It was one of the most incredible moments in the Olympic track & field program on Saturday night, as Matthew Centrowitz took down the worlds best to claim the gold medal in the 1500m. Not many experts would have predicted the finish to this one. The American ran a historic race in what proved to be the performance of his life.

How it happened

Coming into the race all eyes were on Asbel Kiprop and Taoufik Makhloufi.

The two African runners were the favorites to battle it out for the gold medal. Centrowitz was also among the runners to watch, but was not being considered as a top contender for the gold.In the opening lap the 26-year-old Centrowitz was right near the front, however, it was an extremely slow pace for the first lap. The slow lap immediately set the stage for what appeared would be a slow race with a fast finish down the homestretch.

In other words, everyone had a shot at a medal.

The middle laps provided a messy bunch within the runners. Ronald Kwemoi took a spill with two laps to go as he was the only runner to take a tumble during the race. Kiprop and Makhloufi stayed out of trouble, with Centrowitz still positioned near the front.When the bell lap sounded the jostling for position began. Centrowitz led the pack through the homestretch and onto the backstretch where it appeared a move would be made on the American from the outside lane.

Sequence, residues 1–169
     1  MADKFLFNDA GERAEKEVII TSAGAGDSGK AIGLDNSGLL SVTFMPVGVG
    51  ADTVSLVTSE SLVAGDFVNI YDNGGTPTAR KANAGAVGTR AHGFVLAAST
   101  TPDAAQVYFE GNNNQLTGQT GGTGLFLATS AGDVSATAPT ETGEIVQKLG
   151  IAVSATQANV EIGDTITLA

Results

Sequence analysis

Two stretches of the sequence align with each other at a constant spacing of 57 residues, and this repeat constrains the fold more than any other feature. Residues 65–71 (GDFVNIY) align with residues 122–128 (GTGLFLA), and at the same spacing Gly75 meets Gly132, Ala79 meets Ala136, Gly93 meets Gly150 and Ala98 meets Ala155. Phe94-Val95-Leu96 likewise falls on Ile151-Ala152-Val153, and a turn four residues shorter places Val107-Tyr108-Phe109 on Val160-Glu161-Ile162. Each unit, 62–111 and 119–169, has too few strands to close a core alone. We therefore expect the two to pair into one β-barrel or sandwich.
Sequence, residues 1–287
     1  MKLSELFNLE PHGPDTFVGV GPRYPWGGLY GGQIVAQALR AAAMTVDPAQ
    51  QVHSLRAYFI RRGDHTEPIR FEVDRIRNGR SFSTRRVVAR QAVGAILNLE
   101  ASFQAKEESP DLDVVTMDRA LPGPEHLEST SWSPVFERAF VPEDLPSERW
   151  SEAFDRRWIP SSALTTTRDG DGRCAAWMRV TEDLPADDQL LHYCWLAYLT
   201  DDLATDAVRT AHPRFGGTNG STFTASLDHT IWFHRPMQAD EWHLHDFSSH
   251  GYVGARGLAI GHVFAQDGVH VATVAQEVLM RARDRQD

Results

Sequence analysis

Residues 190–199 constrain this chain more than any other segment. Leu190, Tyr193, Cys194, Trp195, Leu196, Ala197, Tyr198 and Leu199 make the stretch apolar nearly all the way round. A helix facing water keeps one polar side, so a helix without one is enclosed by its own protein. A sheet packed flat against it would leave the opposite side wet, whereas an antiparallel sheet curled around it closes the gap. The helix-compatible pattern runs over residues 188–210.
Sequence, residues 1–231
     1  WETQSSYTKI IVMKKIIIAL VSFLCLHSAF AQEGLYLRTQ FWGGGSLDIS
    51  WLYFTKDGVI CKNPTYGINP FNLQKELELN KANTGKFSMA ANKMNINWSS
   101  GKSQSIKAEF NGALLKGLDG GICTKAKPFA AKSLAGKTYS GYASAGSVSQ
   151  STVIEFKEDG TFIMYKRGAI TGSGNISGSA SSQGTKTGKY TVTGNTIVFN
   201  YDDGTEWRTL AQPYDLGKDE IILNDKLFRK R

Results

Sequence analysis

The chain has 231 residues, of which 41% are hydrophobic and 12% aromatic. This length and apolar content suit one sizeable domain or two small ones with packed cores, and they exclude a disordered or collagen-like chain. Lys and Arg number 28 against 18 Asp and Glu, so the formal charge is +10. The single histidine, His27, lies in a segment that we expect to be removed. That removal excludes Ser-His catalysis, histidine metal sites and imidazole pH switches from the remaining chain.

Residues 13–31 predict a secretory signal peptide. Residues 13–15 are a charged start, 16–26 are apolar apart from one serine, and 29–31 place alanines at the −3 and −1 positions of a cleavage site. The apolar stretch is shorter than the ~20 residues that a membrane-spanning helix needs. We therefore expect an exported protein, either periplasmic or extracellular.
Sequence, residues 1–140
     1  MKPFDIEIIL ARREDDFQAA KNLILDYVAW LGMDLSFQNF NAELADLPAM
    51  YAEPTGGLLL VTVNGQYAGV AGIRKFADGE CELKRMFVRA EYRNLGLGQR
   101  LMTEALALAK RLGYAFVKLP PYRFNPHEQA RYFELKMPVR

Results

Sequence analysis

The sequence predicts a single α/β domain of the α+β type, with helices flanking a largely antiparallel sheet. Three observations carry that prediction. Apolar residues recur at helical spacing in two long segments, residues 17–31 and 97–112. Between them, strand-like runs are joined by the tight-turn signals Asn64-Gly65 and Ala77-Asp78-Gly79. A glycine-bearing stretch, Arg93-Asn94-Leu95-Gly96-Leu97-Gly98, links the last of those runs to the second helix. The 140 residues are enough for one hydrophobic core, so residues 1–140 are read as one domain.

However, he stood firm as he matched the oncoming pack with a strong finish of his own. Makhloufi tried to kick him down, but it was not meant to be.

Centrowitz crossed the line in disbelief with a shocked look in his eyes. He becomes the first American to win the 1500m since 1908. A truly amazing accomplishment for the former University of Oregon runner.Makhloufi crossed the line in second place as he earns his second silver medal of the games. Veteran runner Nicholas Willis took the bronze with a strong kick over the final 100 meters. Kiprop finished in sixth place.

Results

1. Matthew Centroqwitz (United States) 3:50.00

2. Taoufik Makhloufi (Algeria) 3:50.11

3. Nicholas Willis (New Zealand) 3:50.24

4. Ayanleh Souleiman (Djibouti) 3:50.29

5. Abdalaati Iguider (Morocco) 3:50.58

6. Asbel Kiprop (Kenya) 3:50.87

7. David Bustos (Spain) 3:51.06

8. Ben Blakenship (United States) 3:51.09

9. Ryan Gregson (Australia) 3:51.39

10. Nathan Brannen (Canada) 3:51.45

11. Ronald Musagala (Uganda) 3:51.68

12.

Charlie Grice (United Kingdom) 3:51.73

13. Ronald Kwemoi (Kenya) 3:56.76

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